The U.S.’s largest aquarium is now licensed as a Class R research facility under the Animal Welfare Act. This license is the highest standard of establishing ethical review of animals involved in research for advanced scientific understanding.

This license gives the Aquarium the ability to consider research with the animals within its collection beyond routine animal care procedures. All Georgia Aquarium animal research, whether inside the Aquarium or in the field, must follow the Institutional Animal Care and Use Committee (IACUC) process to evaluate the project and its ethics. The IACUC process is regulated by the Animal Welfare Act under the United States Department of Agriculture (USDA). Institutions with this distinction are closely monitored and have extensive compliance obligations to keep the license. 

IACUC considers several factors when reviewing research projects from Class R facilities: the training and qualifications of the team working on the project and all aspects of animal welfare. That includes social implications, impacts on animals, and well-being management. The committee consists of veterinarians, scientists from other facilities, and lay members from outside the Aquarium to ensure objective review and preserve the public’s interest in ethical animal research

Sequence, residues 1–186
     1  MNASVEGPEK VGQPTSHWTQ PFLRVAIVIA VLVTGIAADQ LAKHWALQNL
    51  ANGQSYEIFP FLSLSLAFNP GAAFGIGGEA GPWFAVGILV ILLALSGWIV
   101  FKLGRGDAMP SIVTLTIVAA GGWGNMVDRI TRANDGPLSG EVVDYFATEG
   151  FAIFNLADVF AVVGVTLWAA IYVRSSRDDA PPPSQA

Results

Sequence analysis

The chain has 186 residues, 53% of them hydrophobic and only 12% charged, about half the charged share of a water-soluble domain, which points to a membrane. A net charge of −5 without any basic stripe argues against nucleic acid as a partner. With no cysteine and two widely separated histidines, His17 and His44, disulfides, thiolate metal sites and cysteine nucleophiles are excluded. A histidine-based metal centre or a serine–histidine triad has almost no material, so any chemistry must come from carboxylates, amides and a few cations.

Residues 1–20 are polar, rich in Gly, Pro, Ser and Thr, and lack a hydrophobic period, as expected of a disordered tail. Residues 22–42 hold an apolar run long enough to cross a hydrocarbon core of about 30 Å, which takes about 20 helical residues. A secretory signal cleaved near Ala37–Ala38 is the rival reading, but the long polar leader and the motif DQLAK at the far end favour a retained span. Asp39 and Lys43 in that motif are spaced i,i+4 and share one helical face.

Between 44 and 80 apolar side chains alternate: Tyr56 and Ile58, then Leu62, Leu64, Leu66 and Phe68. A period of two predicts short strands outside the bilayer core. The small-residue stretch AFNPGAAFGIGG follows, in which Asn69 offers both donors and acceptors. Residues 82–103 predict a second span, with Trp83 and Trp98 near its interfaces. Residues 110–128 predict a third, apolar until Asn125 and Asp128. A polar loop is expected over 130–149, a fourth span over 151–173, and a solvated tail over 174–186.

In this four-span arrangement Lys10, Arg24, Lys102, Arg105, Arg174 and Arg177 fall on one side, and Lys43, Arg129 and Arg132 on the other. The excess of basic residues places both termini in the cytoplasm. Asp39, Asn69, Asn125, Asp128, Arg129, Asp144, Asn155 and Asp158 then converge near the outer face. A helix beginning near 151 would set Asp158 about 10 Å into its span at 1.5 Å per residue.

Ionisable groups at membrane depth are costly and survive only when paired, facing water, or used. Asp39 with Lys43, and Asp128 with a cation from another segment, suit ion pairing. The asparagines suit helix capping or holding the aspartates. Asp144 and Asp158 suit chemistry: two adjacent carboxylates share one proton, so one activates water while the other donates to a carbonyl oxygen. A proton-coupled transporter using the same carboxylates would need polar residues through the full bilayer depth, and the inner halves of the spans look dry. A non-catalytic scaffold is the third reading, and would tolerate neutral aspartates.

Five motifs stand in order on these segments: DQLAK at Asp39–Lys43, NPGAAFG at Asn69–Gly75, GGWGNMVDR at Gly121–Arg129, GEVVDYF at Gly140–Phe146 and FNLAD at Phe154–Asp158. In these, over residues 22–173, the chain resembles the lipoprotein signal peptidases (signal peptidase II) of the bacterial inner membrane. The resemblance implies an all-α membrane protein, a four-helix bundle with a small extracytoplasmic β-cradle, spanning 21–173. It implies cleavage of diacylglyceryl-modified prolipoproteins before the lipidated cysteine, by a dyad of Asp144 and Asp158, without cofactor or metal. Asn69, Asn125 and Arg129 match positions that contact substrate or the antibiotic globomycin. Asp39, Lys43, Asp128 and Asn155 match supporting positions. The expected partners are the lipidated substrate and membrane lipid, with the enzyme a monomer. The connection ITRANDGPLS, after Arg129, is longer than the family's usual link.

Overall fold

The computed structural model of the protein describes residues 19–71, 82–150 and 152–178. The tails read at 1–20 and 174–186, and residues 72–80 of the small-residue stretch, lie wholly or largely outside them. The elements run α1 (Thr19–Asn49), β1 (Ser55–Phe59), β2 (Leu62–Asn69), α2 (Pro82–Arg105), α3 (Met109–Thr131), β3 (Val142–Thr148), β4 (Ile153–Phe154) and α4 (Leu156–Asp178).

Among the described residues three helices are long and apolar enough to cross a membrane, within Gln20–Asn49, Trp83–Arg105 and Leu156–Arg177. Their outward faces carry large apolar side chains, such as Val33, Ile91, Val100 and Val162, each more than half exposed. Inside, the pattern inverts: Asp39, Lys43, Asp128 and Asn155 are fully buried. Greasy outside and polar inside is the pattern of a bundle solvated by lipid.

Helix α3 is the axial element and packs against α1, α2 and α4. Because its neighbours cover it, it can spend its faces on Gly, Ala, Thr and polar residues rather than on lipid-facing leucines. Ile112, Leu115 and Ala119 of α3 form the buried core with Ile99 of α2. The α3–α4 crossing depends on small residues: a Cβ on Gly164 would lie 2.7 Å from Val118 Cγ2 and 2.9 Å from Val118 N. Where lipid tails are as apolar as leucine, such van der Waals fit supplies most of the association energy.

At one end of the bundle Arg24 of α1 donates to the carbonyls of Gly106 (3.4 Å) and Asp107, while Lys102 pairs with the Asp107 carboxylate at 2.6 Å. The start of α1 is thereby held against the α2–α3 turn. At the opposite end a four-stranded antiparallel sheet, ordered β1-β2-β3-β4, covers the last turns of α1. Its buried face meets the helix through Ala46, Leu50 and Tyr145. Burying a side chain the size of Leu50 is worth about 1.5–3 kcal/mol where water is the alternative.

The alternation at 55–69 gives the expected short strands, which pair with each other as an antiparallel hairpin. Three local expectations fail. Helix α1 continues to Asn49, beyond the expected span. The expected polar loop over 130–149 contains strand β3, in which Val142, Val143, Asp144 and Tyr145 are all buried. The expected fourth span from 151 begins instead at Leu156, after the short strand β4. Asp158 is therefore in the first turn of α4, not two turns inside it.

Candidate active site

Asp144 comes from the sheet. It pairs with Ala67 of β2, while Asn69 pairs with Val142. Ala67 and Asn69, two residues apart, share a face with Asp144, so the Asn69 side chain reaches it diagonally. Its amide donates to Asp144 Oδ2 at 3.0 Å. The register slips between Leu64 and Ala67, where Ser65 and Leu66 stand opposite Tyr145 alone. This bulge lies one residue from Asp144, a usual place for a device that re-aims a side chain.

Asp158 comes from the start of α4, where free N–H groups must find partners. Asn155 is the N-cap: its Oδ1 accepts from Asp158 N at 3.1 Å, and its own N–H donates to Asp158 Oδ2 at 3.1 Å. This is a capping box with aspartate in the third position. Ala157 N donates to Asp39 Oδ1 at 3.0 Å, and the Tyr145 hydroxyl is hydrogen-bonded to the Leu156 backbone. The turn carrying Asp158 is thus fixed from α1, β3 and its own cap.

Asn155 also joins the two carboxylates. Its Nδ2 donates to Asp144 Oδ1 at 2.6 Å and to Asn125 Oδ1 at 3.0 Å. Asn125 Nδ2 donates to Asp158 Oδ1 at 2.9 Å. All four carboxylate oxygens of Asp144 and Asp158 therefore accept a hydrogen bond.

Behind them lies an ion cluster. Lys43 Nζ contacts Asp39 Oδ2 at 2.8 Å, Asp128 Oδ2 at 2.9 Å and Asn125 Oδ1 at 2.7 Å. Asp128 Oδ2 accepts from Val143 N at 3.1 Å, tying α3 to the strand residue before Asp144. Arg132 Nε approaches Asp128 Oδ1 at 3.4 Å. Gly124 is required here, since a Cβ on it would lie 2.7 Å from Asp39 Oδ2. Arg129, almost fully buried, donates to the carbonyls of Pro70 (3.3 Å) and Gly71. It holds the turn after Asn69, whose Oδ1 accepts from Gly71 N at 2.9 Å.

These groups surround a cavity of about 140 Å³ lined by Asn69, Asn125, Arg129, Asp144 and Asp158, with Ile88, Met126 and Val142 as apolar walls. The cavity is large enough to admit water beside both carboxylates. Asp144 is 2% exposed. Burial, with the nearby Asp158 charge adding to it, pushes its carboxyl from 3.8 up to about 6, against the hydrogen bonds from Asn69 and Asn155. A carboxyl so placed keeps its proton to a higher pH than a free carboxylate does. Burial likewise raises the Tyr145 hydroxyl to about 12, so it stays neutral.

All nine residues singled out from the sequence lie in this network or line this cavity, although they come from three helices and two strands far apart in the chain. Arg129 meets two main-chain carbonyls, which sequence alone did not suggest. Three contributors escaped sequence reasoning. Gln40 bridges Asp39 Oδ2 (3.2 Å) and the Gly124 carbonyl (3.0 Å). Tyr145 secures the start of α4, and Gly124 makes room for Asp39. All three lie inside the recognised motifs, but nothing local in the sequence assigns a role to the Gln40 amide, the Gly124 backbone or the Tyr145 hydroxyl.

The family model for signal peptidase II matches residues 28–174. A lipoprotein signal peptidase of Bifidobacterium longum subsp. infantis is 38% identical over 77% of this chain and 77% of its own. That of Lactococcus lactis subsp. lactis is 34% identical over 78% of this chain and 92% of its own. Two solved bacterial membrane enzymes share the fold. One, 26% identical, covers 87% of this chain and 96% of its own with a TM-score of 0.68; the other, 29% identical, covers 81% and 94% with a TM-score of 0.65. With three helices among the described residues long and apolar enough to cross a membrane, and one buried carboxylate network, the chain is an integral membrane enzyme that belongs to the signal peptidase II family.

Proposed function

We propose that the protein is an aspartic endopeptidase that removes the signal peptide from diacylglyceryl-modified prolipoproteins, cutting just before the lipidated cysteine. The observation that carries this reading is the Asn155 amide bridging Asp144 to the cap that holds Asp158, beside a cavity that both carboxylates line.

“The achievement of becoming a Class R Research facility makes Georgia Aquarium a more capable and adaptive institution where animal care and research can be even more aligned. Although, with this new license we will continue our track record of performing minimally invasive research,” said Dr. Alistair Dove, vice president of science and education. “It also allows us to be more involved in research with other Class R partners. This opens up more collaboration possibilities, better integrating us into the scientific community.”

Many Class R facilities are universities and focus on mammals and birds for their IACUC-reviewed research. Georgia Aquarium will be applying the IACUC review process to all animals involved in research including coral, jellies, and other invertebrates, in addition to dolphins and whales. The Aquarium is one of five aquariums to hold the Class R license.

To learn more about Georgia Aquarium’s ongoing research and conservation efforts click here.